Critical Constructionist Theory in the Human Sciences
Edited By Jennifer Sarah Cooper
In these crooked times of chaotic and contradictory discourses in every social sphere, from politics to food production, "ideology" has become the buzzword to represent some solid structure on which to cling or under which to recoil, in an effort to understand reality. But how this structure is built and what it ultimately upholds – this is a primary focus of the Human Sciences. In this book, the author argues that in the Human Sciences, from its founders to contemporaries, a common premise is apparent: the fundamental property of all human-social reality is its character as something constructed. Through a vast set of analyses and reflections of his own, and by philosophers, psychologists, psychoanalysts, sociologists, anthropologists, neuroscientists and linguists, the author shows how this premise, applied, which he coins as critical constructionist theory, constitutes the fundamental theory of the Human Sciences. The book also traces how the main development of this theory gave rise to critical deconstructionism – philosophical, sociological, and anthropological – as an analytical procedure in contemporary studies and research, valid in discussions on culture, ethics, human rights, gender, sexuality and ethnicities. Understanding the role ideology plays in this construction, then, is key to liberation from oppressive conceptual structures of reality. This book exposes that role.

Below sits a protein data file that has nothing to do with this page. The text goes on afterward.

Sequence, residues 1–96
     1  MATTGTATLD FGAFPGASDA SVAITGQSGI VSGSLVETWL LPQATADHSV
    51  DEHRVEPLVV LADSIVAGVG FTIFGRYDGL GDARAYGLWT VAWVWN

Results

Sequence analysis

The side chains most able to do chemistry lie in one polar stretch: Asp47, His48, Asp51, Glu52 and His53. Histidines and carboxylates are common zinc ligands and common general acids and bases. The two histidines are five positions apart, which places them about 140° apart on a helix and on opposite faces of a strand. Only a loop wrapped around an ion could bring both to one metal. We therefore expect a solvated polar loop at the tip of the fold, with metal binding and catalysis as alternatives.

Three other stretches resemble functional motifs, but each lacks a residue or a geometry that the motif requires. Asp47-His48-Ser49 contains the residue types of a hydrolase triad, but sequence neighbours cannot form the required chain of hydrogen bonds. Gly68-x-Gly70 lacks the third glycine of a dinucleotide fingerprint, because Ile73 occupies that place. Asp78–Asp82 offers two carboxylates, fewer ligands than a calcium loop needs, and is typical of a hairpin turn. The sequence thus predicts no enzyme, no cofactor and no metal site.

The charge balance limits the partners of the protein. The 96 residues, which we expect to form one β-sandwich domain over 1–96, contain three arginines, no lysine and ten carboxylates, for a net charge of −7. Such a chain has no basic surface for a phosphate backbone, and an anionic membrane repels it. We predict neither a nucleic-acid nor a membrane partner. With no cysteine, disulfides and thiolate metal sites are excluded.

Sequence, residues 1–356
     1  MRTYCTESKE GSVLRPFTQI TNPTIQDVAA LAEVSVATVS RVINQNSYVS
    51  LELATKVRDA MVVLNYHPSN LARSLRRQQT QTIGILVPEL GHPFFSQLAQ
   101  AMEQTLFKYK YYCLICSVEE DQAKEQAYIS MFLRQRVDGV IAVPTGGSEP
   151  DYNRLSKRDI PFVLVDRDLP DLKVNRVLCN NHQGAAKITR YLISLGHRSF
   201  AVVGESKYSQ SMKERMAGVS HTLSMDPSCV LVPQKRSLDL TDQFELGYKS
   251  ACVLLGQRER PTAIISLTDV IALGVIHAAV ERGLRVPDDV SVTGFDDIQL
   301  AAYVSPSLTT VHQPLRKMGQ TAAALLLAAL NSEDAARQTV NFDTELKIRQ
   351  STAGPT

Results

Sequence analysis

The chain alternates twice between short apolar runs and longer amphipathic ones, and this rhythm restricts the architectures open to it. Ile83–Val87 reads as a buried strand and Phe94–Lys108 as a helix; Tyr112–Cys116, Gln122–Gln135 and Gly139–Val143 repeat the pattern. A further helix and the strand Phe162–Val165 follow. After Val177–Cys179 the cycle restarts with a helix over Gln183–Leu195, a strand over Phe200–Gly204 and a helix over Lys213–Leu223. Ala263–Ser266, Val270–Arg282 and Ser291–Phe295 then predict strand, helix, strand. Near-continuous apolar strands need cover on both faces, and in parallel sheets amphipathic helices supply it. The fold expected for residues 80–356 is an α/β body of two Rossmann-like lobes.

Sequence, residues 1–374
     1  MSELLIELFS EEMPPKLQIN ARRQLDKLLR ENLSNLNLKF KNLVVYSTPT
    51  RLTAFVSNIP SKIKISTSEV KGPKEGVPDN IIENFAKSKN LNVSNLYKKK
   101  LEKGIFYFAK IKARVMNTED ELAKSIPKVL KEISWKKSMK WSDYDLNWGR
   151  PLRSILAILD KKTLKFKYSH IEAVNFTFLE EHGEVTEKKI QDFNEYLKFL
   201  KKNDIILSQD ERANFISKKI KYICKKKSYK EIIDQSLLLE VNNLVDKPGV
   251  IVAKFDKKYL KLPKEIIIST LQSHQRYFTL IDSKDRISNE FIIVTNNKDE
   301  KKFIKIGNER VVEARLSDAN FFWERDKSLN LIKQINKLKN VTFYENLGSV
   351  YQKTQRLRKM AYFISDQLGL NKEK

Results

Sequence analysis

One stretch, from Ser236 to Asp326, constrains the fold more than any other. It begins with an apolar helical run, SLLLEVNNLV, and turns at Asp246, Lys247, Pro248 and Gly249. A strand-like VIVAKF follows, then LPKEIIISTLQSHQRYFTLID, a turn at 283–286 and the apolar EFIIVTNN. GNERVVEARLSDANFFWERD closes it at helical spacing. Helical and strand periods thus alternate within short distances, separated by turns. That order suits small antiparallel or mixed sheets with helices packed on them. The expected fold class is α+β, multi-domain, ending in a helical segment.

Chapter 1: Revoke Ideology! Everything Is Constructed ... Everything Is Revocable!
Revoke Ideology! Everything Is Constructed ... Everything Is Revocable!
To be radical is to grasp the root of the matter. But, for man, the root is man himself.
— Karl Marx, Critique of Hegel’s Philosophy of Right
Action is possible because the real is certainly not fully determined, but also because no representation system is totally closed in itself.
— Françoise Héritier, The Thought of the Difference
The phenomenon to be discussed is very widespread and obvious, and it cannot fail to have been already noticed, at least here and there, by others. Yet I have not found attention paid to it specifically.
— John Austin, How to Do Things with Words
Critical constructionist theory and its deconstructionism
The subject of this work involves the theme of reality in general and reality as a theoretical-philosophical-scientific problem. However, although reality is as important as it is abstract, it is not the central theme here. My focus here is more specific: to discuss phenomena that, as a whole, I refer to as social reality, and consequent theorizations about these phenomena.
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